Protesters storm Sri Lankan president’s home as crisis deepens

Published April 1, 2022
People shout slogans as they gather outside Sri Lanka President's home to call for his stepping down as the country's unprecedented economic crisis worsened in Colombo, on March 31. — AFP
People shout slogans as they gather outside Sri Lanka President's home to call for his stepping down as the country's unprecedented economic crisis worsened in Colombo, on March 31. — AFP

COLOMBO: Police fired tear gas and water cannon at hundreds of protesters trying to storm the home of Sri Lankan President Gotabaya Rajapaksa in the capital on Thursday, demanding his resignation as the South Asian nation’s economic crisis worsened.

The island of 22 million people is in the grips of its worst downturn since independence, sparked by an acute lack of foreign currency to pay for even the most essential imports.

Diesel — the main fuel for buses and commercial vehicles — was unavailable at stations across the island on Thursday, according to officials and media reports — crippling public transport.

Outside Rajapaksa’s home in Colombo’s Mirihana residential quarter, anti-riot squads beat back demonstrators after they blocked the roads for more than two hours.

“I am unable to go home because our area is barricaded,” one resident said. “People are shouting for the president and his family to step down.” Official sources said that Rajapaksa was not at home during the protests.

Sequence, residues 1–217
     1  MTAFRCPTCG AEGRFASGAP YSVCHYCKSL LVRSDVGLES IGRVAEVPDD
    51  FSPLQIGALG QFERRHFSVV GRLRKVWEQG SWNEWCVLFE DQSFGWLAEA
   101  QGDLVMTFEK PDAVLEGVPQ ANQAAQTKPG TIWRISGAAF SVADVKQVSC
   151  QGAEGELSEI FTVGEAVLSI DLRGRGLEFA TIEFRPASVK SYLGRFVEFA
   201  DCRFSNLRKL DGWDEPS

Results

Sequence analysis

The rally had been called by social media activists who were not immediately identified, but their ire was directed at Rajapaksa and his family.

Videos shared on social media showed men and women shouting “lunatic, lunatic go home” and demanding that all members of the powerful Rajapaksa family step down.

The president’s elder brother Mahinda serves as prime minister while the youngest — Basil — holds the finance portfolio. The eldest brother Chamal is agriculture minister while nephew Namal holds the cabinet post for sports.

Diesel shortages had sparked outrage across Sri Lanka in recent days, but the protests had so far been in towns and not aimed at any top leader, before Thursday’s events.

“We are siphoning off fuel from buses that are in the garage for repairs and using that diesel to operate serviceable vehicles,” Transport Minister Dilum Amunugama said.

Owners of private buses — which account for two-thirds of the country’s fleet — said they were already out of oil and that even skeleton services might not be possible after Friday.

“We are still using old stocks of diesel, but if we don’t get supplies by this evening, we will not be able to operate,” the chairman of the private bus operators association, Gemunu Wijeratne, said.

Published in Dawn, April 1st, 2022

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